The real goal of learning how to have a healthy relationship with food is to maximize your positive experiences with food beyond your negative experiences, and to avoid negative emotions as much as possible.
The basic steps in how to have a healthy relationship with food
The following are the main steps in how to have a healthy relationship with food, in which you are free to move between them however you want, taking into account the nature of your personality, your food preferences, and your preferences towards different types of food.
But the truth you must always remember: Hope for change is completely different from trying to make a change.
it is considered the main rule in how to have a healthy relationship with food.
- Allow yourself to eat without restrictions or conditions. The presence of restrictions or precautions related to a certain type or types of food creates feelings of depression and tension towards food.
No matter how much you eat for lunch, you have every right to eat whenever you feel hungry.
- Eat your food when you feel hungry, and try to regain that natural ability to regulate this feeling that you lost as you got older.
Parents always encourage their children to eat all the food on their plates. Despite the good intentions of parents, this behavior makes children lose their sense of satiety and fullness.
They refer to stopping eating to an empty plate, not to feeling full.
On the other hand, the culture of different diets makes a person judge the act of eating with the number of calories contained in each meal, and he must stop food when it reaches the target number of calories according to the diet, and then the natural feeling of satiety is abandoned. Which makes a person stop food.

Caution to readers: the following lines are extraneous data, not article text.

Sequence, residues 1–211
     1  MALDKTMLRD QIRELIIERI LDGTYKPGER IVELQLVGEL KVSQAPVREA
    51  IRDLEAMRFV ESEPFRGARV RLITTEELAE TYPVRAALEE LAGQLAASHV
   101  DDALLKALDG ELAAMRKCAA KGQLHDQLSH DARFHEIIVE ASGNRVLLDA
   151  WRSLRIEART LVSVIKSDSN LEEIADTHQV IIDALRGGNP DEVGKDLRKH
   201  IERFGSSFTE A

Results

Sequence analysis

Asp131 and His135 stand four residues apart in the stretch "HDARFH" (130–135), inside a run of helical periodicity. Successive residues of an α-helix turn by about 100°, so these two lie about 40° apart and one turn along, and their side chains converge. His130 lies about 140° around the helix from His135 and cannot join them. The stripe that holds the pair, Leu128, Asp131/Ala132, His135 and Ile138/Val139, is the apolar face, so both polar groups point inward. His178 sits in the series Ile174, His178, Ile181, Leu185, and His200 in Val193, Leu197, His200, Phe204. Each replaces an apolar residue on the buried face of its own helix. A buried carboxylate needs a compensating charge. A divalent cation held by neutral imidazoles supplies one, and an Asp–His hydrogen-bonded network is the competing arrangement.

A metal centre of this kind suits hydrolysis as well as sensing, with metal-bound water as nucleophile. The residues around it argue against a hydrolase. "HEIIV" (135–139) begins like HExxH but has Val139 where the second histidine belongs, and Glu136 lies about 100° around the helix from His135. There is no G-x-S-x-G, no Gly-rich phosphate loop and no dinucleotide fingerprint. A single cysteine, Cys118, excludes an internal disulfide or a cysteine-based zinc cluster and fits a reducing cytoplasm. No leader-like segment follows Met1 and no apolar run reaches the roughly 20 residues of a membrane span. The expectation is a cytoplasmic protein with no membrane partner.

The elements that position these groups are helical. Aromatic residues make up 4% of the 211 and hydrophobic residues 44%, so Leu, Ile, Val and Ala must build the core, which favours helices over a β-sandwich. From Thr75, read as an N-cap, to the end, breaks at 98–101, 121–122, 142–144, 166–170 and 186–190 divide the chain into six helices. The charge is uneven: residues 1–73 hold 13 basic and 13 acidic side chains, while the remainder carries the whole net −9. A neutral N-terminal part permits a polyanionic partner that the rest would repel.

Always try to restore your ability to follow the body’s natural hunger cues, as it gives you better control over your food.
- You can try mindful eating, which is a cornerstone of your journey toward having a healthy relationship with food.
This method depends on the person removing any distracting factors while eating, such as reading, watching TV, or being preoccupied with your mobile phone, and focusing only on the food you eat.
This approach to eating helps you slow down the speed of eating, and allow you to see how food tastes, how good it is, and how satisfied you are with it.
You also allow for a natural feeling of fullness, which causes you to stop eating.
- Keep your diet open to all types of food, and do not stop eating one food without the others.
Usually, food is described as “bad” because it tastes delicious but has low nutritional usefulness, for example, foods high in fat, sugar, or salt.
Studies have shown that the more you force yourself to refuse a certain type of food, the greater your desire for it will be.
Eat as much food as you like, but you have to trust your body’s natural indicators, and when you receive a message that you have had enough and felt full, you must stop eating in response to these natural indicators.
Such an approach is far more effective than food-restrictive diets, which is known as “counter-regulation.”